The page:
May looks for acceptance with Avalanche
DENVER ” When it comes to hockey villains in Denver, there are the Red Wings, there is Todd Bertuzzi and running a distant third, there is Brad May.
The Red Wings play in Detroit. Bertuzzi plays in Vancouver. And starting this season, May will play in Denver for the Colorado Avalanche.
May was the Vancouver player who said ” in jest, he claims ” that there should be a bounty put on Avalanche forward Steve Moore, an act of retribution for a nasty hit Moore had put on Markus Naslund in the 2004 season that knocked the Canucks captain out for three games.
A few days after May’s comment, Bertuzzi backed it up. He took a cheap shot at Moore, slamming him to the ice and breaking his neck.
Moore is still rehabilitating from the injury suffered 18 months ago.
Bertuzzi served a 13-game suspension and was recently reinstated by the NHL for the start of the upcoming season. May, meanwhile, was signed as a free agent by the Avalanche over the summer.
“I played for a lot of years in this league with integrity and honor,” said May, who has spent most of his 13 years as an enforcer for the Sabres, Canucks and Coyotes. “I’m proud to be who I am. I don’t feel bad. But I feel the whole situation is regrettable.”
May and Bertuzzi are among the defendants in the civil lawsuit Moore has filed in Denver seeking damages for the injury. Soon, May will wear an Avalanche uniform on the ice at the Pepsi Center and it is there that he’ll find out whether he will be embraced or reviled by fans.
Asked about all this Monday, the day the Avalanche reported for training camp, May stuck by his mantra ” he’s a man of honor and he wants to look toward the future.
“People have been booing me for 15 years,” he said. “I don’t know if it would be uncomfortable. It would be a different feeling, there’s no question about it, to get that at home. But people have different opinions. I only have one thing to say if it happens: I have integrity. I have honor.”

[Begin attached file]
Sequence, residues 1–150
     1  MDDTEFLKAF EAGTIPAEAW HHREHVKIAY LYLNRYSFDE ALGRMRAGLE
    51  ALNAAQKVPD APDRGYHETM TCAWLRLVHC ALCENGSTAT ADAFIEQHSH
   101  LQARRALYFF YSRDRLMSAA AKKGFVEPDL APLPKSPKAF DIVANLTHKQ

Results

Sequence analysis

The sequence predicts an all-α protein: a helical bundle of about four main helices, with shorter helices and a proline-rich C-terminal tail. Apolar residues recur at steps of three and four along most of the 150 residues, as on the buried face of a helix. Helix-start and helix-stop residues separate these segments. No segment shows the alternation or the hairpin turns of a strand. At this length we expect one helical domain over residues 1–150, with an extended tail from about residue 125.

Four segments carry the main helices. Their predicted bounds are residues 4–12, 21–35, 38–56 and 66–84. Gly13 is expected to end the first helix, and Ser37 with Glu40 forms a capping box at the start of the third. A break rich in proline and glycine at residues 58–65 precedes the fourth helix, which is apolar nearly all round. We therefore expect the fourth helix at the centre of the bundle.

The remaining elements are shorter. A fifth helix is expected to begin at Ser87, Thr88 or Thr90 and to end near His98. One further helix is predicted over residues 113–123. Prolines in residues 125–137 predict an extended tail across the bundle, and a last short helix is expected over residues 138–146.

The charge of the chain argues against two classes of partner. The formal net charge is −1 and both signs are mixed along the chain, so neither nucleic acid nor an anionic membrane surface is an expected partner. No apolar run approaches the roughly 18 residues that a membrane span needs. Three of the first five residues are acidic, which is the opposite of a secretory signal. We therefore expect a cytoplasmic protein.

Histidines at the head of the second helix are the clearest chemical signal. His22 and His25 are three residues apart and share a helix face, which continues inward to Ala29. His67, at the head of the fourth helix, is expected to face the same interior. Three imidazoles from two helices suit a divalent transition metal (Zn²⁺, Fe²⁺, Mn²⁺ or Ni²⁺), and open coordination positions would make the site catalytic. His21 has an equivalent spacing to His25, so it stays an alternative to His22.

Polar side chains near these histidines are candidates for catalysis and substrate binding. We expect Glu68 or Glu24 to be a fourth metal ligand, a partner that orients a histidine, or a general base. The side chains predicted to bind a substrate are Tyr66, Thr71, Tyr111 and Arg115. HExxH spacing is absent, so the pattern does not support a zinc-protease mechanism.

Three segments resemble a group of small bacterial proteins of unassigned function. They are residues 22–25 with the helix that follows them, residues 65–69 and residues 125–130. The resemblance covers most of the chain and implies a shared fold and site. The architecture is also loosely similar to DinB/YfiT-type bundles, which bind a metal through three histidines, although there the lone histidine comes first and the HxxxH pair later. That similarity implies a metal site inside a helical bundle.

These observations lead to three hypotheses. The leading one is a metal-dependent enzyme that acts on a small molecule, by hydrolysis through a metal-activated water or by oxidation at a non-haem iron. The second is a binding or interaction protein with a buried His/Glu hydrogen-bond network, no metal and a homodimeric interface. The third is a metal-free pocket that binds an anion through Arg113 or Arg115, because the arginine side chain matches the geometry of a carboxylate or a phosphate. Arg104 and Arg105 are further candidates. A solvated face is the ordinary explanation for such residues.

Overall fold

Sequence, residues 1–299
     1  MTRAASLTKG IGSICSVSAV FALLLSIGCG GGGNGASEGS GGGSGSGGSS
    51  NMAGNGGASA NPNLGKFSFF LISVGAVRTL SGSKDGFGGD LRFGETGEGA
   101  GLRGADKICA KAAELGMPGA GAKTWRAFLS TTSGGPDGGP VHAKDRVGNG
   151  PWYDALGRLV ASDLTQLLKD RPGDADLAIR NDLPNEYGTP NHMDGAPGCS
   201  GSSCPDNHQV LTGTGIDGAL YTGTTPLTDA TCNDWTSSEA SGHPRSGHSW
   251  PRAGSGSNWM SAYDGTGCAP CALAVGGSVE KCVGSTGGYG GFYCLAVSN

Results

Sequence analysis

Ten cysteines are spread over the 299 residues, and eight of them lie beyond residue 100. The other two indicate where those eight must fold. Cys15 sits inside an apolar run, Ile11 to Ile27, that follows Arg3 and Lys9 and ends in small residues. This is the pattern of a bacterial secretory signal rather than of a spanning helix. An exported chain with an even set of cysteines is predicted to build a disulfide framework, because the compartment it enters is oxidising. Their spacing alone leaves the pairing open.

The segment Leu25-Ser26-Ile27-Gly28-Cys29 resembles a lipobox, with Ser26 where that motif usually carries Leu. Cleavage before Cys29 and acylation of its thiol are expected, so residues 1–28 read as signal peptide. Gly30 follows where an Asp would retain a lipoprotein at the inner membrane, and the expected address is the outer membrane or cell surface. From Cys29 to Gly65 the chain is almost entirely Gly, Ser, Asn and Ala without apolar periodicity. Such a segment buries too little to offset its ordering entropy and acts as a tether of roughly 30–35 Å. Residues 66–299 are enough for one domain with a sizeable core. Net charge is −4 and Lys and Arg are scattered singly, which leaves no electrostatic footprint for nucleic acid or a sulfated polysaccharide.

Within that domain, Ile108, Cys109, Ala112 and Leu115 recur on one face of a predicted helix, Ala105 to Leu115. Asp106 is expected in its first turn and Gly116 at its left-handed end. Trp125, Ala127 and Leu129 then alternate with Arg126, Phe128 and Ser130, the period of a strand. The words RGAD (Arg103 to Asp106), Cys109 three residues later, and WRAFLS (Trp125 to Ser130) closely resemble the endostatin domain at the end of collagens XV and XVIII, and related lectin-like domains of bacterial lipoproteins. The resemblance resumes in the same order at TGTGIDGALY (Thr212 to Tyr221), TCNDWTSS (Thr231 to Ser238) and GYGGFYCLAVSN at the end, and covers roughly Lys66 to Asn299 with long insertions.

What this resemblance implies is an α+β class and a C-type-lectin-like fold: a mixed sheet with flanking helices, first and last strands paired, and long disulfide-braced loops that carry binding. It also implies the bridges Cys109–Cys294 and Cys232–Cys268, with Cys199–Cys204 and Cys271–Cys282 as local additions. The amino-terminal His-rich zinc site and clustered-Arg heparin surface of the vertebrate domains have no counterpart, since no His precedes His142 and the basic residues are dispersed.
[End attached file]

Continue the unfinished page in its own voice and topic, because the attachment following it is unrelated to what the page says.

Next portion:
Many in Denver questioned whether the Avalanche had honor when they signed May. It was viewed as something of a slap in the face to Moore and to fans with whom the team and the NHL has been trying to reconnect after a long work stoppage.
It’s an opinion general manager Pierre Lacroix disagrees with.
“The slap in the face would have been if we signed the other guy,” Lacroix told The Denver Post last month. “His name is not Todd Bertuzzi. It’s Brad May.”
May, who averages 148 penalty minutes a season, claims he made the comment in jest to a single reporter in Vancouver, a few days before the game.
The Avalanche, at least publicly, say they’ve embraced May and look forward to being his teammate.
“I’ve said it before, I feel bad for what happened to Steve,” captain Joe Sakic said. “But Brad’s not the one who did it. I’m sure he feels bad for what happened.”
“He’s fitting in great,” coach Joel Quenneville said. “He’s been well-received by his teammates. I think the fans will like him.”
May, of course, wants to be liked, especially by his teammates.
During his 10 minutes of interview time Monday, though, he seemed perfectly happy with himself, regardless of what people think about him or the role he played in one of the NHL’s nastier episodes.
“I’m happy for who Brad May is,” he said. “I’m proud of myself. I’m a great father, a great husband, a great teammate and I’m excited about helping this team out.”
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